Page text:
Beginning on January 26, 2021, all travelers arriving into the U.S. from outside the country were required to show proof of a negative COVID test. The new policy required all air passengers, regardless of vaccination status, to get a test for current infection within the three days before their flight to the United States departed and provide written documentation of their test results or proof of having recovered from Covid-19.
That worked well for most of 2021. However when Omicron, a much more contagious variant than its predecessors, began spreading like wildfire, the policy had to change. It was too easy to be tested 3 days before your flight to the U.S. and then catch the virus in the time between being tested and going on the plane.
So, starting December 6, 2021, the requirement changed. Anyone flying into the U.S. from abroad had to have a negative COVID-19 test no more than 24 hours before their flight.
Throughout the month of January, COVID cases around the world have decreased significantly in many places. Cases in the U.S. have also started to decrease, although hospitalizations and deaths remain high. Several countries, including France, Greece, Sweden, and the United Kingdom, have announced ending their testing requirements to enter – some entirely, some only for those fullyvaccinated against COVID.
Last week, on February 1, the American Society of Travel Advisors (ASTA) sent a letter to the White House (here’s a PDF of it). In it, they asked that vaccinated Americans returning to the U.S. from abroad be exempt from the required pre-flight testing. They said that “Removing the requirement will greatly support the recovery of travel and aviation in the United States and globally without increasing the spread of COVID-19 and its variants.”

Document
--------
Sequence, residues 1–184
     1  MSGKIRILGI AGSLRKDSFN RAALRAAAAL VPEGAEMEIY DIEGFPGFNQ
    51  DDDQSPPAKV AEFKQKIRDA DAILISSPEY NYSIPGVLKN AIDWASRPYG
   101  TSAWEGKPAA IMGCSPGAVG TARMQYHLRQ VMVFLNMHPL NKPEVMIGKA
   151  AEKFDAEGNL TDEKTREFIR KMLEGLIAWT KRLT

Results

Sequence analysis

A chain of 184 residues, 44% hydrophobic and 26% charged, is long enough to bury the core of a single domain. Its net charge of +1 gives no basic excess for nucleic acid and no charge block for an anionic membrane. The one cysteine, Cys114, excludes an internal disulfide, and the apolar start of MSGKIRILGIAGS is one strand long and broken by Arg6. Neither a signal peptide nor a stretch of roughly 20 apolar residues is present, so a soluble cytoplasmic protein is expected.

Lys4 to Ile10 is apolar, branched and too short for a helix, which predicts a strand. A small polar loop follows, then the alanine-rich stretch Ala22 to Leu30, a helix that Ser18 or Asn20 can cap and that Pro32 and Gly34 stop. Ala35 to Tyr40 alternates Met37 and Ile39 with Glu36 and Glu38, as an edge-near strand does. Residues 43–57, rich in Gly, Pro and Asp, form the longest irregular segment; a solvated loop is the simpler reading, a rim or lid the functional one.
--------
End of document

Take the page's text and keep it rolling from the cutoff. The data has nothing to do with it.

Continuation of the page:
ASTA’s letter was followed by similar letters from the U.S. Travel Association, Airlines for America, the U.S. Chamber of Commerce, International Air Transport Association, Aerospace Industries Association and other groups, all asking the White House to change their policy.
There was no official response from anywhere in the federal government, however on Tuesday, the director of the CDC, Dr. Rochelle Walensky told Yahoo Finance that although the agency is optimistic COVID-19 cases will continue to decline, it will maintain current protocols due to the virus’ uncertainty.
“We came down from a very high level and our hospitalizations right now are higher than they ever were during the peak of our Delta surge,” said Walensky. “So, while we will look down the field and say ‘what does this look like?’ and ‘how can we relax some of our mitigation strategies?’ first we always need to be prepared for what may come around the corner. Second, we’re not quite ready to do so yet.”
Obviously, I’m sure some people are happy to read this, and others are (or, probably, ‘remain’) frustrated. Of course, what any of us think doesn’t really matter; they make the rules and if we want to travel internationally, we have to follow them. Assuming that our numbers continue to go down, the number of people who are vaccinated go up, and we don’t get hit with another ‘bad’ variant, I’m sure they will change the rules when they feel it’s safe to do so. Until then, it is what it is.
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